The Unicorn Trap: Sky High Valuations Kill IPOs For Tech Startups

  • startups have never been cheaper to build and are maturing faster than fledgling companies did in the last tech boom, partly because the smartphone era creates an easily reachable market of two billion people
  • yet only 14% of IPOs in the U.S. were done by tech companies, the smallest percentage since at least the mid-1990s, according to Dealogic
  • the market for initial public offerings has turned chilly and inhospitable, largely because technology companies have sought valuations above what public investors are willing to pay
  • venture capital investors could have trouble cashing in if the IPO market isn’t able to support even higher valuations
  • lower valuations as a private or public company also can sap the morale of startup employees who endure pressure and all-nighters in return for the possibility of a big payday 
  • an analysis of funding rounds by law firm Fenwick & West LLP in March found that 30% of private companies valued at $1 billion or more promised a specified IPO price ... [some] companies agreed to give additional equity to investors if the IPO price wasn’t met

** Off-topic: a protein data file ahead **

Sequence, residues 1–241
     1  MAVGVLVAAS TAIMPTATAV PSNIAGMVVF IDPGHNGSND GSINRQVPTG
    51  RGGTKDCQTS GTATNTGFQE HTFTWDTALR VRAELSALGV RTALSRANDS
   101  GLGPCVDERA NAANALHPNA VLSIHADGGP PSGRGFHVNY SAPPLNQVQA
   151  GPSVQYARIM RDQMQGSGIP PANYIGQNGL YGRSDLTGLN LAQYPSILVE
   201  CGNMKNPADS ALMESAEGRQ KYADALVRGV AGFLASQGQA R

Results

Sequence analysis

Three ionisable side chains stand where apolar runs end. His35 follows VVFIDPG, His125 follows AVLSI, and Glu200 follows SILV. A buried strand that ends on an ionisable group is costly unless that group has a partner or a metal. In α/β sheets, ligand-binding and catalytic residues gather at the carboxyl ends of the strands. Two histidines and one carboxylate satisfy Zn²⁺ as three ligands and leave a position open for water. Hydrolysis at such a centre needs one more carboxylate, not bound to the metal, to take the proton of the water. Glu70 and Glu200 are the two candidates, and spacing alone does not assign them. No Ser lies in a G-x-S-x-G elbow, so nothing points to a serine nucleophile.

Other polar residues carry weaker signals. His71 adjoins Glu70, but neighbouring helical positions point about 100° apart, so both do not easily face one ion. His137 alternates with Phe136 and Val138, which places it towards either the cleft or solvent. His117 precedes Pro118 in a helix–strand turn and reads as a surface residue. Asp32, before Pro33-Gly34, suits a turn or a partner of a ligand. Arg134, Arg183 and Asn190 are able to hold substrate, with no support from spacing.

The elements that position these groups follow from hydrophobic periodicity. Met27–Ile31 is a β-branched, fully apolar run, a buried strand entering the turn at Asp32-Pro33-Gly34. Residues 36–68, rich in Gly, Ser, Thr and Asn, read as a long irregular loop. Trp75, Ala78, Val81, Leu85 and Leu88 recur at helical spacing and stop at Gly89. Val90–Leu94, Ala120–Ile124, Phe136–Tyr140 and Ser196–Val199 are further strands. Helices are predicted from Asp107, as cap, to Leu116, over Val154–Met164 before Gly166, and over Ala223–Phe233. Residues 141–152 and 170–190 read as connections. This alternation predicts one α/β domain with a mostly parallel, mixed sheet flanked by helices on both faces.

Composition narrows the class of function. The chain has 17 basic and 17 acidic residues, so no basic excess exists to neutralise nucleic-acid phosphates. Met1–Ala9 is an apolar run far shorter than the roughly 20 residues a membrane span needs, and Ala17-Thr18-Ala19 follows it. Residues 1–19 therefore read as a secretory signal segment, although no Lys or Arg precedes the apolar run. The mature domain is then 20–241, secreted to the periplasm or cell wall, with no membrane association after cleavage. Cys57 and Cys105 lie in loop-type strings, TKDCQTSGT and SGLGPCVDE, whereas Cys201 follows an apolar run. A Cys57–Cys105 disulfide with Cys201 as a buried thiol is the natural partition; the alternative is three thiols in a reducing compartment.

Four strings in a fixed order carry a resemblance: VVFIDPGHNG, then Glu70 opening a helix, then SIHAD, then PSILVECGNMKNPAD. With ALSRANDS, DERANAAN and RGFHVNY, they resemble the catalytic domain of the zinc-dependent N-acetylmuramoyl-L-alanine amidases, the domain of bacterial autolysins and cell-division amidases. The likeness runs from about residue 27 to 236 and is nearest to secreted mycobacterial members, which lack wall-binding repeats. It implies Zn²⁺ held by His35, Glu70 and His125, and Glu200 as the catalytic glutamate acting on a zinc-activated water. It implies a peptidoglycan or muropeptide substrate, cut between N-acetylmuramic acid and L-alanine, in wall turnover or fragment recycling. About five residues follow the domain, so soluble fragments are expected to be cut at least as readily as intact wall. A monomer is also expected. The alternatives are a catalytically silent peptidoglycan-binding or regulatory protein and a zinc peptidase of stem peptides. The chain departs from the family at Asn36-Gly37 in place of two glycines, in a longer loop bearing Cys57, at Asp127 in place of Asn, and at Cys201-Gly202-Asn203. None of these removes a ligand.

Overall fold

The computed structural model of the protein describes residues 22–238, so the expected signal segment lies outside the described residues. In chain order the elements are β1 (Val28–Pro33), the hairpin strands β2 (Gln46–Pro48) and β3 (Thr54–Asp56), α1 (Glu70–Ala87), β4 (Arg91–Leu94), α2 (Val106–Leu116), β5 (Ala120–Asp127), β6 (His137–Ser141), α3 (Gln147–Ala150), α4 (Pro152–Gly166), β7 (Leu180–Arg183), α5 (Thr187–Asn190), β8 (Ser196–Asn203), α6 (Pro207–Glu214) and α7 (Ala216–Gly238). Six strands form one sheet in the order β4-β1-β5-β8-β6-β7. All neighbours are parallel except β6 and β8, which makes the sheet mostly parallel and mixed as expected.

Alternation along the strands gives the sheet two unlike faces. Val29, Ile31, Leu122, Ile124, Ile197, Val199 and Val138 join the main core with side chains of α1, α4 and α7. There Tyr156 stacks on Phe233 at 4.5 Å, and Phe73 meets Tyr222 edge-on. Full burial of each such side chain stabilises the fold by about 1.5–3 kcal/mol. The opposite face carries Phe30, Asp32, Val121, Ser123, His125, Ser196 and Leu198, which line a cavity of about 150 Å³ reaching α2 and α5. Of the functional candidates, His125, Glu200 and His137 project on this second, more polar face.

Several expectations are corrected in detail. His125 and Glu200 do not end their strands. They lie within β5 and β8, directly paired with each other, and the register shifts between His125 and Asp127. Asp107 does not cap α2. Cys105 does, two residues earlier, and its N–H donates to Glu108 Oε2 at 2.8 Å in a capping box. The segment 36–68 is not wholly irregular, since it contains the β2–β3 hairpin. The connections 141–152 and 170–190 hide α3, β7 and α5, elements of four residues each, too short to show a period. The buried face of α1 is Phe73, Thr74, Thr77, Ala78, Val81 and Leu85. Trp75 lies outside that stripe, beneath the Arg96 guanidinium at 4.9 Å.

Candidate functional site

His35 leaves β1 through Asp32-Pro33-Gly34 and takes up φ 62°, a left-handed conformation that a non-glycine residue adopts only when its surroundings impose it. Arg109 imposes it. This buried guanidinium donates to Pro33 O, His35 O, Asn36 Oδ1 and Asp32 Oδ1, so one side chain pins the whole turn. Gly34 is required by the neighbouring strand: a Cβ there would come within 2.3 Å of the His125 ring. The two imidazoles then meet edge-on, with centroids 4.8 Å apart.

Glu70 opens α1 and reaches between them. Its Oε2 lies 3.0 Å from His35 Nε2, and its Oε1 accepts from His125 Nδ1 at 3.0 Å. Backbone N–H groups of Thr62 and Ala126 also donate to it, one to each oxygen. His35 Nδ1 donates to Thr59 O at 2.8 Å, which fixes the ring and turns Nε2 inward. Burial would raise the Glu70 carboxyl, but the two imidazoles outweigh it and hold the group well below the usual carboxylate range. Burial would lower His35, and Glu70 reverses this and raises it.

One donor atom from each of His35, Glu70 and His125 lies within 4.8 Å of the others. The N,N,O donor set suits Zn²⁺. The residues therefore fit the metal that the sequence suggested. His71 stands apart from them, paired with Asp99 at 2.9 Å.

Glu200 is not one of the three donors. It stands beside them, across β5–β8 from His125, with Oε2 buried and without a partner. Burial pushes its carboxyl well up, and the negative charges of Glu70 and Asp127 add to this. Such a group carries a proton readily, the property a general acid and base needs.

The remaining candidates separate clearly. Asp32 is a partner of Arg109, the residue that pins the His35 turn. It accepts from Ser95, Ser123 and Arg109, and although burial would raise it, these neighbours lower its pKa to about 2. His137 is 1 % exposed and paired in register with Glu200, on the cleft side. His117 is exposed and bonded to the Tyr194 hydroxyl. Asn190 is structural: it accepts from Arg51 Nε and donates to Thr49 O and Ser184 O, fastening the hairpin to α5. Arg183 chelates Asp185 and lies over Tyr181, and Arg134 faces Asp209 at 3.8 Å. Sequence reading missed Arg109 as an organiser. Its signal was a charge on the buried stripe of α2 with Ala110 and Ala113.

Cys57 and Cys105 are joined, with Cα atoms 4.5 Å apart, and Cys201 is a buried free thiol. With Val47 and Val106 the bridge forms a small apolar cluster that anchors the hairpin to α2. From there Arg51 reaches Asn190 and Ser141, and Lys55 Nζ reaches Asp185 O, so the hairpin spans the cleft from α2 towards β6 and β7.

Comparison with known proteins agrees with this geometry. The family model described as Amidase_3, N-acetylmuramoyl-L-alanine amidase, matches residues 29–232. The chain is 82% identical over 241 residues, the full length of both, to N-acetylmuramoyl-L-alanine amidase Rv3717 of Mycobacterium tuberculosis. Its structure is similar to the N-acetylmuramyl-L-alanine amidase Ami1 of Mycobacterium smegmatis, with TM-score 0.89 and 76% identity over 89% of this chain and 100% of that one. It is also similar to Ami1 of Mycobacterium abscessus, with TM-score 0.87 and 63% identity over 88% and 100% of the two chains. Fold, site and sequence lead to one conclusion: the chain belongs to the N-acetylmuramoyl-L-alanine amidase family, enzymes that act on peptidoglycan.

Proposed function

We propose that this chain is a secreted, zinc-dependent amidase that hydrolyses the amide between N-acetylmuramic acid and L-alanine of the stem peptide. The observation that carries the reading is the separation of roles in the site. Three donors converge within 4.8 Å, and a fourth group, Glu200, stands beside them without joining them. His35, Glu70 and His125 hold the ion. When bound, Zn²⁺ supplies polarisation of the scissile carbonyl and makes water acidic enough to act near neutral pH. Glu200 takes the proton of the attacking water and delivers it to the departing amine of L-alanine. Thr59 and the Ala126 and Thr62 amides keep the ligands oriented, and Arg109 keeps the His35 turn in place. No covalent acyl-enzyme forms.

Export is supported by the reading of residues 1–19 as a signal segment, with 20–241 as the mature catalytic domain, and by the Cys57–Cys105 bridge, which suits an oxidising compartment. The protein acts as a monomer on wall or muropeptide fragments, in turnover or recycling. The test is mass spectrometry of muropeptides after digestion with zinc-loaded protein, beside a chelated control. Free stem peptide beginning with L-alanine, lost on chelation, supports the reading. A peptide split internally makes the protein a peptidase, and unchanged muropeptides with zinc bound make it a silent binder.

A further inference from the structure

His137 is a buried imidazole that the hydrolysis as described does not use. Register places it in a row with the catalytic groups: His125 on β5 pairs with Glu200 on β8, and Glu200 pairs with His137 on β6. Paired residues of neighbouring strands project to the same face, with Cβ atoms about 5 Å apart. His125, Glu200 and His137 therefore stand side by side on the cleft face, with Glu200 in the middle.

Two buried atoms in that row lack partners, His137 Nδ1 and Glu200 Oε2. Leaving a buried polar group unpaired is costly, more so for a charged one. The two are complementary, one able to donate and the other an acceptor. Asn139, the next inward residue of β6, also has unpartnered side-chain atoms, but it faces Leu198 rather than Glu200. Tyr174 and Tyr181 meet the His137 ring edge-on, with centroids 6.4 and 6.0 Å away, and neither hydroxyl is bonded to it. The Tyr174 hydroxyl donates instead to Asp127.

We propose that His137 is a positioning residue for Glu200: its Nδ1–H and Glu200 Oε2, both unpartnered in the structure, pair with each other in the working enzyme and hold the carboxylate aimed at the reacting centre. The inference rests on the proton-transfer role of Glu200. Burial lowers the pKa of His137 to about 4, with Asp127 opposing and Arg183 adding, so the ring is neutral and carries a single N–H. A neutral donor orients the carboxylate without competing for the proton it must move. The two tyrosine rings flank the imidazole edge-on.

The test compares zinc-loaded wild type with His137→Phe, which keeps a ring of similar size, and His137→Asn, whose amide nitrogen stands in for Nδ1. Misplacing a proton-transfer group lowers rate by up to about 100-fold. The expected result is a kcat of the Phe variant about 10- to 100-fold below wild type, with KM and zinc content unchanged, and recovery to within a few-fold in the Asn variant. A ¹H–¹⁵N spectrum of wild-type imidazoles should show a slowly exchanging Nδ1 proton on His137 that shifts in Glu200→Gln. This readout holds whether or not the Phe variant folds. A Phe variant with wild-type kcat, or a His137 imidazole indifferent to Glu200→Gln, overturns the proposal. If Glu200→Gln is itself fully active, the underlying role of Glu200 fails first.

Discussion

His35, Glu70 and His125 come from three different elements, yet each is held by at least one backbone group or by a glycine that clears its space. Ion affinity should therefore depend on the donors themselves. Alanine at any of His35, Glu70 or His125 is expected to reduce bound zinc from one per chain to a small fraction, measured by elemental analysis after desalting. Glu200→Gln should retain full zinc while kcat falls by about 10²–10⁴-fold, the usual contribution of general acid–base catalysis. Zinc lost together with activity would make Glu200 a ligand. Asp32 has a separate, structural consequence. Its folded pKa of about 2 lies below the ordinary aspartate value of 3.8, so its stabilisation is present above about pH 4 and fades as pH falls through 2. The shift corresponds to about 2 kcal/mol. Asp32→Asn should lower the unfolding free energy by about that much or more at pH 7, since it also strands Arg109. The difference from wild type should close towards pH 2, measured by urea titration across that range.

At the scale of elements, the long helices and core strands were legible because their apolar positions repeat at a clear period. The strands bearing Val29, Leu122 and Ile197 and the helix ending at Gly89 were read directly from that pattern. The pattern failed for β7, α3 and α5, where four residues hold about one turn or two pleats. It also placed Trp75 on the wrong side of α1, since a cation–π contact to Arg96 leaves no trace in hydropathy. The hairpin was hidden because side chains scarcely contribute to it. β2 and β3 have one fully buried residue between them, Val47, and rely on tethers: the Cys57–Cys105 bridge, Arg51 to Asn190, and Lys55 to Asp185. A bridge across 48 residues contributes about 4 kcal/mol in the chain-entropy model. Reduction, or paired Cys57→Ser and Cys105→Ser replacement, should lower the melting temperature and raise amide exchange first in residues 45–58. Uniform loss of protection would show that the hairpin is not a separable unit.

The problem“The thing that worries me the most about all these [billion-dollar valuations] is that you need a public market to get liquid,” says Chris Douvos, managing director of Venture Investment Associates, a Peapack, N.J., firm that invests in funds and startups. “But who’s going to buy at these valuations? It’s all priced for perfection.”

The riskThe data suggest that even some of the most promising startups in Silicon Valley might be worth far less in the eyes of the rest of the investment world. The risk is that the lackluster reception for tech startups in the stock market could ricochet through companies that are still private.

source: Wall Street Journal

Further reading: Price and Value: Discerning the Difference (pdf) (Aswath Damodaran, NYU Stern)


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